Lawsuit Challenges Ban on Physical Mail at California County Jail

Prisons and jails around the country have been banning physical mail and used book donations under the flimsy justification of stopping contraband.


A new lawsuit is challenging a California county jail's policy of digitizing and then destroying all physical mail received by incarcerated people—part of a national trend of prisons and jails restricting inmates' ability to receive physical mail.

The lawsuit, filed earlier this month in California state court by Columbia University's Knight First Amendment Institute, the Electronic Frontier Foundation (EFF), and the Social Justice Legal Foundation, argues that San Mateo County's ban on physical mail "violates the expressive, associational, privacy, and religious rights of the individuals in its jails, including those presumed innocent, and of the many individuals who send mail to those incarcerated people."

A growing number of jails and prison systems over the last few years have proposed or enacted rules restricting physical mail and used book donations under the justification of reducing contraband. The San Mateo County Jail inked a contract in 2021 with Florida-based Smart Communications Holding, Inc. for access to its MailGuard system, where mail is routed to Smart Communications, digitized, shredded, and then made accessible to inmates on electronic tablets.

However, civil liberties groups and advocates for incarcerated people say that the mail bans do little to stop contraband—the overwhelming majority is smuggled in by staff—while depriving inmates of a vital source of comfort and connection to the outside world.

Hannah Zhao, an EFF staff attorney, uses a children's drawing as an example. Normally, a jail inmate would be able to hang that drawing in their cell or take it out anytime they wanted to look at it. Instead, Zhao says, "that crayon drawing gets scanned, possibly looks askew, or you can't even see the entire drawing."

"That drawing that your child drew is then shredded, and you are only able to see that drawing at certain times on a tablet," she continues. "You can just imagine, the emotional impact is not there."

Zhao also says the ban restricts their clients' ability to receive occupational training and religious materials beyond commonly provided Bibles and Qurans.

And there are privacy concerns. The lawsuit notes that scanned mail is retained and available for law enforcement to access for seven years, even after jail inmates, who may be found not guilty, are released.

The stated reasons for ending physical mail—protecting staff from exposure to drugs and stopping the flow of contraband—don't hold up, the lawsuit argues.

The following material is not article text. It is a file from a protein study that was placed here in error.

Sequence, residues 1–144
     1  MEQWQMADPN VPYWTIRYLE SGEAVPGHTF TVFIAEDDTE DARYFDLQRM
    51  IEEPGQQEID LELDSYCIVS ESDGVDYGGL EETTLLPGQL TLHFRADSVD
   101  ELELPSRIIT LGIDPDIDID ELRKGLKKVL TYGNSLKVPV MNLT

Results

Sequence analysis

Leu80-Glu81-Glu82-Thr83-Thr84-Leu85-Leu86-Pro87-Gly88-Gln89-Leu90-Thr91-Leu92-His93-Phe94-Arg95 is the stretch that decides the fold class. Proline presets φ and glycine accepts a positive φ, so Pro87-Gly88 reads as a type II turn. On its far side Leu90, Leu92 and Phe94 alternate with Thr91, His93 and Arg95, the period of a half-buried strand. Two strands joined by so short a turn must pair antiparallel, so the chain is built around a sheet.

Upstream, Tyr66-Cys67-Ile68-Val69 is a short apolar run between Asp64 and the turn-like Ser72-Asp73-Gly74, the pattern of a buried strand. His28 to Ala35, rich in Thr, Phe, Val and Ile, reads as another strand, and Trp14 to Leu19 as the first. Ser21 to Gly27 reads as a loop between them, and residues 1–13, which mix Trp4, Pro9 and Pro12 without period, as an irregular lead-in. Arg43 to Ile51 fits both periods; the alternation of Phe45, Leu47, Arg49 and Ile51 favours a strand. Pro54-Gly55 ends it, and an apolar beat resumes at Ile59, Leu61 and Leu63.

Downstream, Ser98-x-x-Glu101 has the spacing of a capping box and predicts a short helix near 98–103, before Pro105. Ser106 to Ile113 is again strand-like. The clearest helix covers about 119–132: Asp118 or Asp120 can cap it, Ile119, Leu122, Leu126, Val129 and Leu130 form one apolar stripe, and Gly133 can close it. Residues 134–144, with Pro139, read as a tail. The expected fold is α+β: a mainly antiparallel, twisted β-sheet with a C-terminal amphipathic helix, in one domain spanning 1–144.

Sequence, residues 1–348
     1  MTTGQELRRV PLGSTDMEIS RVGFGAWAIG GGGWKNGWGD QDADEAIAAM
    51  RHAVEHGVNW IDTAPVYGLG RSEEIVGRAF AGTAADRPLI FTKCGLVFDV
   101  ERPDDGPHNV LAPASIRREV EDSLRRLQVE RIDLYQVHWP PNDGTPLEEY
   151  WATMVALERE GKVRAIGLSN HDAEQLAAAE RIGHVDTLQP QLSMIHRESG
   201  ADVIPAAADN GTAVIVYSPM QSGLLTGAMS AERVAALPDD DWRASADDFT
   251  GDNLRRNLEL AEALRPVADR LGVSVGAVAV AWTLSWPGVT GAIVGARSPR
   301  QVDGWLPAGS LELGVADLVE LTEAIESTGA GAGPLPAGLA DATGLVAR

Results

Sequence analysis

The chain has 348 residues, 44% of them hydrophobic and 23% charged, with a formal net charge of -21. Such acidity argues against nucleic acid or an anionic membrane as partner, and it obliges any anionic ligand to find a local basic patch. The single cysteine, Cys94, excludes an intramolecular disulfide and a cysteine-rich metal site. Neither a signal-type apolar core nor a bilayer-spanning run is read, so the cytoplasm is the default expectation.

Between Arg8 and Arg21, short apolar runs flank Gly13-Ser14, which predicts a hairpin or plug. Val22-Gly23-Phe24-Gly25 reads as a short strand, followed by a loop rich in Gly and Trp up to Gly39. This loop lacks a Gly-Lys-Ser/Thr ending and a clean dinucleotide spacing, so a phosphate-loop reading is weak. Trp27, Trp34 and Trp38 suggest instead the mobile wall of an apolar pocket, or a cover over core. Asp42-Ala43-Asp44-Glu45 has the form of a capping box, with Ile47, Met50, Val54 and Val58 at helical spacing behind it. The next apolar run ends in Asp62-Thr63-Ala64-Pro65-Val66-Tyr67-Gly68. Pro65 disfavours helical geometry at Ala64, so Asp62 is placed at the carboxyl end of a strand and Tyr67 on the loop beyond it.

"Following statewide adoption of MailGuard in Pennsylvania, the drug test positivity rate actually increased," the lawsuit says. "Similarly, after Missouri contracted with a different company to digitize and destroy incoming mail, the number of average overdoses in the state's jails and prisons increased from thirty-one to thirty-seven per month. And in New Mexico, after prisons banned physical mail, the drug test positivity rate nearly doubled."

Nevertheless, prisons and jails have been turning to digitization services over the past five years. A survey by the Prison Policy Initiative published last November found 14 states and 15 local jails that had started scanning all incoming mail. The New York City Department of Correction was considering a similar policy this year.

The Pennsylvania prison system pays Smart Communications $4 million a year for digitized mail services for its prisons, and the federal Bureau of Prisons launched a pilot program to shift to digital mail using MailGuard.

These digitization services have also led to accusations of gouging incarcerated people and their families. The San Jose Mercury News reports that the tablets used by San Mateo County Jail inmates charge $0.50 per email and $1 per prescreened photo, with two free messages per week.

There's been a troubling trend of prisons and jails restricting book donations and forcing inmates to purchase books through pre-approved vendors. Reason reported in 2019 on several West Virginia prisons' plans to charge inmates by the minute to read e-books on tablets, even though the books were from the free Project Gutenberg archive.

Pennsylvania, Washington, and three prisons in New York all attempted similar bans on donations of used books to inmates, then relented under citizen pressure. The prisons cited security concerns over contraband, but news investigations showed there was little actual evidence of smuggling via donated dictionaries.

In 2018, after Florida inked a new contract to provide multimedia tablets to inmates, inmates were forced to return MP3 players they had purchased through the state's previous provider, losing all the tracks they had purchased as well.

The San Mateo County Sheriff's Office, which runs the jail, did not immediately return a request for comment.